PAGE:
Wednesday 16 December 2009, COPENHAGEN-- As Pacific and other AOSIS negotiators work tirelessly to clear brackets and red lines towards a common language amidst the frantic pace of the next 48 hours to the COP15 closing, heads of state are being reminded to hold strong to the 1.5 to stay alive position and it's add-on, 2 degrees is 2 much.
"Language like below 2 degrees without saying ultimately you need to drop below 1.5 degrees could in fact be quite dangerous politically and legally for the small island states because they are then conceding that possibly 2 degrees is OK when in fact it's not,"says climate scientist Dr Bill Hare. The Australian is a leading figure in international climate change debate. The lead author of the Intergovernmental Panel on Climate Change (IPCC) and former director of Greenpeace International Climate Policy, is now a visiting fellow with the Denmark-based Potsdam Institute for Climate Impact Research.--ENDS (transcript and audio below)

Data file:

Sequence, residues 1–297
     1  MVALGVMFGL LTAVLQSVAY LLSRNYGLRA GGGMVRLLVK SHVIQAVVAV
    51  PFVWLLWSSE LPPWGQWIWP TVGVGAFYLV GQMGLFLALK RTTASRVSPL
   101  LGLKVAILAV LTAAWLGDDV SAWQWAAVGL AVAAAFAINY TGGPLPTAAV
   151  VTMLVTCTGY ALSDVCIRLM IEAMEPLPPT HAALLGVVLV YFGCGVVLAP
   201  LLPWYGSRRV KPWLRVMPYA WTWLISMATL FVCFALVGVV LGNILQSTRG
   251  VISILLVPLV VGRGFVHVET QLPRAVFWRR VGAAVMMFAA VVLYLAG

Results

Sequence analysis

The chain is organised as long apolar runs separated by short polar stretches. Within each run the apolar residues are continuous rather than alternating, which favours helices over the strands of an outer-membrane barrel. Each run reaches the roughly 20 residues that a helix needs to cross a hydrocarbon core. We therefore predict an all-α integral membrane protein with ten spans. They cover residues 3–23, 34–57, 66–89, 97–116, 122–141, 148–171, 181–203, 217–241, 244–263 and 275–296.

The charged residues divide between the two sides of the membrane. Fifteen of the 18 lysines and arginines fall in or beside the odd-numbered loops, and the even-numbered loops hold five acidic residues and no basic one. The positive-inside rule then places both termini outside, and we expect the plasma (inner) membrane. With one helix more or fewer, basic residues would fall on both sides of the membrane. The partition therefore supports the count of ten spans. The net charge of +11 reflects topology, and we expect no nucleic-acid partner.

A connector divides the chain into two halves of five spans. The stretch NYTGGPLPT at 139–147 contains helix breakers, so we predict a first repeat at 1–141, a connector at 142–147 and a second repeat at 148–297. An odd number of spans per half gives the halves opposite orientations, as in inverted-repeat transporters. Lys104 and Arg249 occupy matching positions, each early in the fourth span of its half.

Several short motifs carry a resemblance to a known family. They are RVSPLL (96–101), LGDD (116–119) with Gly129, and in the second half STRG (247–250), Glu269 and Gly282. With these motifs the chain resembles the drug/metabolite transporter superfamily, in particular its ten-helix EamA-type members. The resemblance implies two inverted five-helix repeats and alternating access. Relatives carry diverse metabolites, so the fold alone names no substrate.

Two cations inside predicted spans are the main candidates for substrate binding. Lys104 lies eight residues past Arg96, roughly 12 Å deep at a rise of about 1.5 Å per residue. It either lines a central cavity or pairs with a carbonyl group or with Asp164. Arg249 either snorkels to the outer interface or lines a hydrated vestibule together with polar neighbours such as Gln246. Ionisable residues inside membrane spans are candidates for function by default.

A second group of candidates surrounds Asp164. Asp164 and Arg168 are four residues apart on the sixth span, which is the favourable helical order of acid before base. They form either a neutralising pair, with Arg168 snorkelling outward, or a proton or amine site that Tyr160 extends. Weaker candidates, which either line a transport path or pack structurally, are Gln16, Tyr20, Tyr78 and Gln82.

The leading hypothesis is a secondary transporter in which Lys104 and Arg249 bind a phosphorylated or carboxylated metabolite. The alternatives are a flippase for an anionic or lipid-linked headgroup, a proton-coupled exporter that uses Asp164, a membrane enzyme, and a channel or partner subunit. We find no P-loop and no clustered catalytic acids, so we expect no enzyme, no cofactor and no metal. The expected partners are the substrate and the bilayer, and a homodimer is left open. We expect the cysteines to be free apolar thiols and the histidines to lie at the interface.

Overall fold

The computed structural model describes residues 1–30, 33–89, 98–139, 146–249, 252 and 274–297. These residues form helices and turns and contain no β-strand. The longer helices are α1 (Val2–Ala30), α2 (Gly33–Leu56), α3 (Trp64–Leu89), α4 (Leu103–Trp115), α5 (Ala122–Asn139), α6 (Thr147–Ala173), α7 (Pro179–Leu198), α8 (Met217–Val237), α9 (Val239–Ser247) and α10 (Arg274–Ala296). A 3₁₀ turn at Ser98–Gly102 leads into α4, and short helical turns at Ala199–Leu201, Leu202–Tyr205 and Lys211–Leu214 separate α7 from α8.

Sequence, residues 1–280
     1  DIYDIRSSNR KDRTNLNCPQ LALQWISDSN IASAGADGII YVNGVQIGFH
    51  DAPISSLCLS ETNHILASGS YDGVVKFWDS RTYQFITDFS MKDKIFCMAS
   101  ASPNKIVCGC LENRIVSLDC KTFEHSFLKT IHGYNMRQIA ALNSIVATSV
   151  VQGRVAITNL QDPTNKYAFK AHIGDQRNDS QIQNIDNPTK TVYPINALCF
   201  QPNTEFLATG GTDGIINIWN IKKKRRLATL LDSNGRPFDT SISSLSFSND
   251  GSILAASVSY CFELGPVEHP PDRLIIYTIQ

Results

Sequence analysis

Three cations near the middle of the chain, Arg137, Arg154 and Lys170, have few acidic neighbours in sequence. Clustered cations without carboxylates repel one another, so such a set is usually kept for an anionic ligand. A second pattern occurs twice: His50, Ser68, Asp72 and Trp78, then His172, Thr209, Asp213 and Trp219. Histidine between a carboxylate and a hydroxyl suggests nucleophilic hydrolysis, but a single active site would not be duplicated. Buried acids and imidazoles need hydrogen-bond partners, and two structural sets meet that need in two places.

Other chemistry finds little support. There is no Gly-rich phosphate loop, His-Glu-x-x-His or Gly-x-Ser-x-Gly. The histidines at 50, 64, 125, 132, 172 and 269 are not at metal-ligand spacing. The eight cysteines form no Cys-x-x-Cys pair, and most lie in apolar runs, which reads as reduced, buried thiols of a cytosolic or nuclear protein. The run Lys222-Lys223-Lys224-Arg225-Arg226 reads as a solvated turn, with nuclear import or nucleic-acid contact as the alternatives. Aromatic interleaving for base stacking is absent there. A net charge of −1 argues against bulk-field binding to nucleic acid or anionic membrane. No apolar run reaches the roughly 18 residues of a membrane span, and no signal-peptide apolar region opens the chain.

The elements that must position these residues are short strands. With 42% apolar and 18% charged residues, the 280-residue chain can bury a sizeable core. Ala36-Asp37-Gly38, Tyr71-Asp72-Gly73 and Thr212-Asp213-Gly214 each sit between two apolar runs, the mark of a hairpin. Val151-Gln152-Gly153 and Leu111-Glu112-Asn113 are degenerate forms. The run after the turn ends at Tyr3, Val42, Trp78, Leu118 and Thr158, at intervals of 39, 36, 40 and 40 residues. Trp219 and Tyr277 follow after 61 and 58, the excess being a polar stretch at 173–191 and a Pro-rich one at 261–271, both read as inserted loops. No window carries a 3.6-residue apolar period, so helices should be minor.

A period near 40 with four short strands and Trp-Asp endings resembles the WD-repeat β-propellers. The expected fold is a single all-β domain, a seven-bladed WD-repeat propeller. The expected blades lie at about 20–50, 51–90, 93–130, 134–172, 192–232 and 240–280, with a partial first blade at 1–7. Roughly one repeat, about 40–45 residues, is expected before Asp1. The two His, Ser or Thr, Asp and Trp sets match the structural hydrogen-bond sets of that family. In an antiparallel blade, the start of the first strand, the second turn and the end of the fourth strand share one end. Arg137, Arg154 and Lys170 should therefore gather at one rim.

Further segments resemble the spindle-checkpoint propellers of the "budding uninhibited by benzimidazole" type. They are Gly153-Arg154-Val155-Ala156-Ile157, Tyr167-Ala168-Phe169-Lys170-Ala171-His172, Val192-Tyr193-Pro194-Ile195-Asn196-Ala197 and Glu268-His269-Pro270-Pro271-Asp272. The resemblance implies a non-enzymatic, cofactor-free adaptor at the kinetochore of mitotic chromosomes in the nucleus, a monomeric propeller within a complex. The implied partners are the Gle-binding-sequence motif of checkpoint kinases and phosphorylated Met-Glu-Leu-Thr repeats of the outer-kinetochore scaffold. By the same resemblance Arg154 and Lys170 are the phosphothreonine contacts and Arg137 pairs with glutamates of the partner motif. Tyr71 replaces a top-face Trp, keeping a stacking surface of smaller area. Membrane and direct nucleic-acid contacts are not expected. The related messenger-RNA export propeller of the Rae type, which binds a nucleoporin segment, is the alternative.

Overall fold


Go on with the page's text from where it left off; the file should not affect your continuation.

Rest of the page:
TRANSCRIPT: LWL: Bill, the difference between 1.5 and 2 degrees-- only half a degree. Why is it so critical? From the science side, the impacts of climate change increase quite rapidly with temperature, so that getting back below 1.5 degrees is quite important to the survival of many small island states and low lying regions, because in this region of climate change, you avoid the a lot of the most damaging effects and start to slow down sea level rise quite significantly. Heading towards 2 degrees or above, the impacts on small island states are wholly unacceptable, in most cases, including consequences for long term sea level rise. Now the issue here in these negotiations over how to reflect these issues is also important. Language like below 2 degrees without saying ultimately you need to drop below 1.5 degrees could in fact be quite dangerous politically and legally for the small island states because they are then conceding that possibly 2 degrees is OK when in fact it's not. That's why the 1.5 degrees and 350 parts per million (PPM) message is so mportant because the small islands states need to lay out the case for their long term survival and have that entrenched in an international agreement that could progressively work towards the emission reductions that will need to occur over the next century in order to limit warming to those levels.--ENDS